With the rise of the digital age, journalism and advertising have begun to merge, giving birth to an interesting combination of the two: “brand journalism.” McDonalds was one of the first brands to wade into journalistic waters in 2004. Presenting at the Advertising Age Conference that year, the world’s leading global food service retailer announced a new, grand multidimensional marketing design. Straying away from the traditional one-sided, single-message pushing strategy, McDonalds decided instead to focus on a “content stream approach.”
Since then, brand journalism has exploded, aided by rapid advancements in digital and mobile technology. With a plethora of new and emerging channels and platforms for brands to champion their message, a journalistic storytelling approach seemed only fitting. AdAge praises the use of brand journalism, emphasizing its ability to “create[s] an evolving brand story” that “captures and speaks to the interests of interconnected consumers who want customized, connective content.”
Brands like RedBull, Coca Cola, GE and Adobe have invested a significant amount of resources into their own brand journalism efforts. RedBull’s The Red Bulletin is a hub for adrenaline junkies and sports enthusiasts to come and enjoy content surrounding their interests, from sports news and athlete features, to active lifestyle and culture columns. The Red Bulletin reaches a global audience through both print and digital platforms with an impressive circulation of 2 million monthly print copies.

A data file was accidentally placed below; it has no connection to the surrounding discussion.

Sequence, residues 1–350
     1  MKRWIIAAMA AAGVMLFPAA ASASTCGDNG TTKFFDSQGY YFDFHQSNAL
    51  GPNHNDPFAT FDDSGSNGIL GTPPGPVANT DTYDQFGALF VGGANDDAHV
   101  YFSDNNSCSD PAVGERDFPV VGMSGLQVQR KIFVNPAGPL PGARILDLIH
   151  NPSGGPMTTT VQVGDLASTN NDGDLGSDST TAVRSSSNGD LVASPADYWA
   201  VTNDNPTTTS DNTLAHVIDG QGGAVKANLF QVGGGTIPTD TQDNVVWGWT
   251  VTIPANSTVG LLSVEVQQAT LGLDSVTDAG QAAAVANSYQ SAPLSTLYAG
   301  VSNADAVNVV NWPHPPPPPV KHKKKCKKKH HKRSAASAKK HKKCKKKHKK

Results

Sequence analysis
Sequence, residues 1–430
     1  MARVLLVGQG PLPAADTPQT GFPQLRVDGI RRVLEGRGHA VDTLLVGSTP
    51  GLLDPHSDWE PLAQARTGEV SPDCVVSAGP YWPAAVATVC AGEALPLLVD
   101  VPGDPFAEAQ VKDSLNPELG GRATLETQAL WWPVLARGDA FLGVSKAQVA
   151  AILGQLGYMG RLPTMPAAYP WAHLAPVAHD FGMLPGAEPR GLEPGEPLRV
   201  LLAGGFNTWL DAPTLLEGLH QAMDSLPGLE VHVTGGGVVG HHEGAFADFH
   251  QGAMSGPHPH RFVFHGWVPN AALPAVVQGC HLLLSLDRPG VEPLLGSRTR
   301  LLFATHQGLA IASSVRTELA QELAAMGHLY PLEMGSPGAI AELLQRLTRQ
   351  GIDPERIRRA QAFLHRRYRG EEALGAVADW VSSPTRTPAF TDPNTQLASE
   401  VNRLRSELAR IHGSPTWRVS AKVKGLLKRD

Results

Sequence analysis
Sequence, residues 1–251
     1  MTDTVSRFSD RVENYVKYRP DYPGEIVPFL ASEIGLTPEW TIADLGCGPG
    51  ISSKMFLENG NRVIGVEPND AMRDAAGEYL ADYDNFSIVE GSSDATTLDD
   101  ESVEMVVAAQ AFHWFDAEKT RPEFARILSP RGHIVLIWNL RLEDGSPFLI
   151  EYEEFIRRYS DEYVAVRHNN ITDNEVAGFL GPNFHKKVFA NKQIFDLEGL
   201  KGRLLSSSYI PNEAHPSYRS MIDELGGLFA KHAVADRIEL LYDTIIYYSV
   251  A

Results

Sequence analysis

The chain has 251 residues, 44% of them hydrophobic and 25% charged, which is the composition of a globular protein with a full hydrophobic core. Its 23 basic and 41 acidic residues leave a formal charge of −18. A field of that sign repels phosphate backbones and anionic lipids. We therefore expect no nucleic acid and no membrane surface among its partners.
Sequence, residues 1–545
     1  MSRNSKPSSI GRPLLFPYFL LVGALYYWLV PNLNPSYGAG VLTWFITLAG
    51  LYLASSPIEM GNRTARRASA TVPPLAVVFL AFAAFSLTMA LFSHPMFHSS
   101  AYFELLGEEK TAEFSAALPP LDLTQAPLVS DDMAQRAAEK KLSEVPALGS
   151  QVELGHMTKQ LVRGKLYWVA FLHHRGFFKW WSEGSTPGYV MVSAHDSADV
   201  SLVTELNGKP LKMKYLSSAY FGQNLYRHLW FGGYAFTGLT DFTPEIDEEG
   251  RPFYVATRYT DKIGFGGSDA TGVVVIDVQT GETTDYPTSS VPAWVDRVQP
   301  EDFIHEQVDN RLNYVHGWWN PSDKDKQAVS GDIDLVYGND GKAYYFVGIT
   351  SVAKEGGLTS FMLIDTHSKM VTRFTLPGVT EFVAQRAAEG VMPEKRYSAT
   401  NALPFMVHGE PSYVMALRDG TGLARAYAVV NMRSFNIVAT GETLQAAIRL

According to Hubspot, “brand journalism” is not only a way for brands to generate leads and create brand awareness, but also a way for brands to gain consumers’ trust. The goal is to draw in an audience of interested readers who will ultimately become paying customers or users of your product.
However, this is where the term generates some disputation. Sam Petulla, currently MSNBC’ editor of data visualization, writes on Contently, “There’s no such thing as brand journalism.” He completely rejects the term, clearly distinguishing the difference between branded content and journalism. Although the term ‘journalism’ may make your content sound more credible, it is misleading in that brands are essentially after consumers and will inevitably be biased.
There is now a new term that brand editors are using these days: lowercase-j’ journalism. Lowercase-j journalism is described as engaging, educational, thought-provoking content that brands use to build a following that hopefully results in new leads and sales. Brands utilize stories that often aren’t about their brand directly but can be connected back to the brand’s values or mission, to draw interested consumers. For example, Gap’s Deirdre Hussey recently wrote a powerful post on the buzz around Caitlyn Jenner and related it back to Gap’s values, representing its advocacy for the LGBT community. If this type of approach sounds very similar to brand journalism, don’t worry, you aren’t confusing the two, because… well, they are the same.
No matter how we try and disguise it, or attach a new buzzword to it, at the end of the day, these are all examples of CONTENT MARKETING. Today’s customer is savvy enough to know when a company is trying to give them the spin, or position certain messaging in ways that aren’t entirely transparent. Instead of looking for new ways to rebrand the way they get out their messages, companies looking to build out their content strategy should keep this one, evergreen rule top of mind: “Content that helps is content that sells.”